Explore DB2 in Cloud
IBM has been driving to improve DB2 utilization in the cloud and a series of announcements including the DB2 virtual appliance shows a trend where we can expect more. To quote IBM, its DB2 view of the Cloud Computing is “what technologies and business models can we bring to market to help our customers realize the promise of the Cloud Computing”. The promise of cloud computing is its potential to reduce costs and improve agility.
IBM’s target users for DB2 on cloud includes everyone – Developers, Startups, SMB, Enterprise, Service Providers, SaaS Vendors. Availability of no-charge DB2 options in cloud makes it worthwhile to start exploring DB2 in cloud.
IBM’s DB2 Strategy around cloud computing falls into four key points:
- Deliver key technologies to support its customers private cloud initiatives
- Partner with key public providers to fully integrate DB2 into the ecosystem
- Provide robust DBMS for SaaS vendors
- Offer terms and conditions and pricing to make DB2 the best DBMS for the Cloud.
Technically its threaded-engine Architecture that minimizes memory requirements and enables efficient use of multi-core processors used in virtualized systems, Autonomic features like Self Tuning Memory Manager that reduce administrative costs, Support for various development platforms like Java, .Net, PHP, Ruby on Rails etc. makes DB2 an excellent choice for cloud environments.
In cloud context being technically good is only one part of the solution. Cloud computing is expected to reduce costs, improve flexibility and enhance agility and unless these benefits are provided for success would remain elusive. IBM seems to be accepting this reality and showing its willingness to adapt and coming up with various licensing and pricing strategies.
DB2 support for Private cloud is centered on availability of optimized DB2 in Virtualized environments including DB2 virtual appliances, standardizing and enhancing DB2 server provisioning and automation features. The sub-capacity pricing (now available on all DB2 Editions) where the charges are based on the system usage and not the full-capacity of the hardware coupled with the option of licensing on a per-day basis provides the basis for cost-effective virtualization.
DB2 public cloud presence involves mainly partnership with leaders in the cloud space and includes:
- Amazon – public cloud infrastructure
- RightScale – Platform for cloud management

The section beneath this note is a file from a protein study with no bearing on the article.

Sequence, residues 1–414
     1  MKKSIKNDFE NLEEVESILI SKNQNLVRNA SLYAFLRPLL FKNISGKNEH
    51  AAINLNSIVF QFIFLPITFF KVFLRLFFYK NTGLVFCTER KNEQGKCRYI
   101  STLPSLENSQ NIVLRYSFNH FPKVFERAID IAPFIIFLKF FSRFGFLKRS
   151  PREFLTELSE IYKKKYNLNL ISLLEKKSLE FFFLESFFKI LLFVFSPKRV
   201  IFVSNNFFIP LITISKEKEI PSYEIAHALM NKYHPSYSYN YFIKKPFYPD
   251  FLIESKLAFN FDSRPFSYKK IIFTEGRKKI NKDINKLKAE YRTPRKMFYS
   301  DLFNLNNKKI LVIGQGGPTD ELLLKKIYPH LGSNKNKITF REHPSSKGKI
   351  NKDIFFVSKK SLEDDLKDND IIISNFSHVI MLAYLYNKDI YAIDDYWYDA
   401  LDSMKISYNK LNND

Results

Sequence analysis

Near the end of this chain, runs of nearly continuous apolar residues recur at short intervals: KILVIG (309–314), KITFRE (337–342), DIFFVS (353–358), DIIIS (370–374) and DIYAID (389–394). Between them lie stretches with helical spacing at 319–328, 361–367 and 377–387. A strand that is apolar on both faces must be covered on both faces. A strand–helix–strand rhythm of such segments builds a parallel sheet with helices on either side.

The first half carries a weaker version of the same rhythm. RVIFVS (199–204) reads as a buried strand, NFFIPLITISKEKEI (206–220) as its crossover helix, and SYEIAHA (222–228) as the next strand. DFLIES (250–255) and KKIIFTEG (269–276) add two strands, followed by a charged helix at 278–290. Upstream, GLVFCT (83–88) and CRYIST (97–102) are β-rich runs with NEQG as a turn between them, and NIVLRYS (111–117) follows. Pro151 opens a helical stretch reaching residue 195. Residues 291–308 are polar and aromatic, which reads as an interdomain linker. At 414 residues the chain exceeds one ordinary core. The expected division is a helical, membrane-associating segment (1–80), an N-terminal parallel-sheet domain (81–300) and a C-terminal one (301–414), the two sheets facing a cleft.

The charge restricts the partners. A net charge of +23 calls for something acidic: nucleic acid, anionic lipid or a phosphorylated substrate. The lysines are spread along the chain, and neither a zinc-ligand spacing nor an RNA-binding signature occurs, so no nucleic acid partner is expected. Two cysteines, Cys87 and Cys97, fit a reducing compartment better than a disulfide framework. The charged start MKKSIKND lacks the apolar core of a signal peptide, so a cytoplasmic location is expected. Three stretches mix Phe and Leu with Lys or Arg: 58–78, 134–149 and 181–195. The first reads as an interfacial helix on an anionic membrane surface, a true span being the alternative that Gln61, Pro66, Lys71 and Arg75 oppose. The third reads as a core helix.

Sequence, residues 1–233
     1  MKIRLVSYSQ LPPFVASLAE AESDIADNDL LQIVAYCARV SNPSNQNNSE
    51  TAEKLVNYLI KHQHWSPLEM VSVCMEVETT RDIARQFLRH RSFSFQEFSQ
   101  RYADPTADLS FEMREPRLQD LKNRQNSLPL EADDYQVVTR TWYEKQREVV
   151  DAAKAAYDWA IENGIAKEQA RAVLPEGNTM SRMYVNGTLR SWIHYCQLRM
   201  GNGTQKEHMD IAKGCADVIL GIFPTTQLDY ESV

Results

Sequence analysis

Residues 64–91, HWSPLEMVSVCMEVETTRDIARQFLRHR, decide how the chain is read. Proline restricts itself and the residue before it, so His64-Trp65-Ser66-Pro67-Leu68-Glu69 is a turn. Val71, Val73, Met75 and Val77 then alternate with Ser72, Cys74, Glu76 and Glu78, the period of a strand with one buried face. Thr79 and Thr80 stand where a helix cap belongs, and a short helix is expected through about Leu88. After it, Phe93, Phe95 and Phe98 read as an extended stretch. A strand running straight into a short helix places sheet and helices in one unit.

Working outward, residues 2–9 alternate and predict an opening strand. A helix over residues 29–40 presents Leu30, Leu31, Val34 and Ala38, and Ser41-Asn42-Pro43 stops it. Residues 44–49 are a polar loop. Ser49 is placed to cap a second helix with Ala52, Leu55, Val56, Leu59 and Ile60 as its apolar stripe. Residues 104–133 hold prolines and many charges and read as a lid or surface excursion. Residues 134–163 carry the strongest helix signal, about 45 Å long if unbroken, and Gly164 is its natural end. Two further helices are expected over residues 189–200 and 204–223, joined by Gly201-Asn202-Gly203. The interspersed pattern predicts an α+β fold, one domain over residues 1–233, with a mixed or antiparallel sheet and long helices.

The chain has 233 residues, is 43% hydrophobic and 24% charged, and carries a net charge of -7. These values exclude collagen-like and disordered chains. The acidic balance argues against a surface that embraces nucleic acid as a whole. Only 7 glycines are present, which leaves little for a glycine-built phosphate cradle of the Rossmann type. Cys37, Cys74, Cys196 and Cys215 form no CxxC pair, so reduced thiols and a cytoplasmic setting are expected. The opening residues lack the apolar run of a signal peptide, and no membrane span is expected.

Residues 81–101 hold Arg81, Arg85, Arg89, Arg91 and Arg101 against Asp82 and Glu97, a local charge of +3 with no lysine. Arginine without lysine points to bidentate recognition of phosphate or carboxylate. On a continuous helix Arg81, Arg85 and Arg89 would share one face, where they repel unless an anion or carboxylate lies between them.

- Morph labs – Web application Hosting Infrastructure
- Corent – Rapid SaaS development
- Canonical – DB2 Virtual appliance running on Ubuntu cloud computing platform
Additionally, DB2 Enterprise Developer Edition is available in IBM Smart Business Development and Test Cloud.
DB2 in Cloud is available under a variety of pricing option. The free edition, DB2 Express-C is available at no cost but no IBM support. IBM points out that there is no limit on the database size or number of users making it an ideal choice for SME as well as developers. DB2 Express-C is easy-to-setup, easy-to-manage, and includes self-managing capability and also comes with the pureXML technology suited for Web 2.0 applications. For more scalable DB2 required to run large business database loads, customers would have to pay DB2 licenses.
Customers who already have a DB2 license can use it in the cloud with no additional cost and IBM would continue to support it. In between this free and perpetual license, various pricing options like pay-as-you-go, hourly usage fee, purchase optional DB2 support etc. are available.
IBM wants to position DB2 as the DBMS of choice for the SaaS vendors who aim at exploiting Cloud computing trend. The advanced autonomic features, technologies like Deep compression and pureXML coupled with attractive pricing is what IBM is betting on to achieve this.
DB2 in cloud – or for that matter any other Database – is not yet ready to handle mission-critical or I/O intensive applications. But there is a whole suite of areas that could right away start exploiting cloud – Prototyping, development and testing, periodically run applications (end-of-month processing or day end batch jobs), handling variable workloads without dedicating resources, database backups, databases for disaster recovery, Web 2.0 Applications.